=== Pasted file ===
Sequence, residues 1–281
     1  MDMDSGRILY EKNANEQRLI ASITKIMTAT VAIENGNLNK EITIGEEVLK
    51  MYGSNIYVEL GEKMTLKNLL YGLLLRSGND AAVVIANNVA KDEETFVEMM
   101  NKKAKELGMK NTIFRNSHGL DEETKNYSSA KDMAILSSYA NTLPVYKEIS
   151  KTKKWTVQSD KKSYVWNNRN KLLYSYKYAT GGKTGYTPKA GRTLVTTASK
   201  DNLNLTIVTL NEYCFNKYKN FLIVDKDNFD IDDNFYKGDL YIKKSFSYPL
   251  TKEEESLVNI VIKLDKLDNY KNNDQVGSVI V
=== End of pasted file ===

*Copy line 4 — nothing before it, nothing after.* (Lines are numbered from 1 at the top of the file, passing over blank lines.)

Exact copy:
   101  NKKAKELGMK NTIFRNSHGL DEETKNYSSA KDMAILSSYA NTLPVYKEIS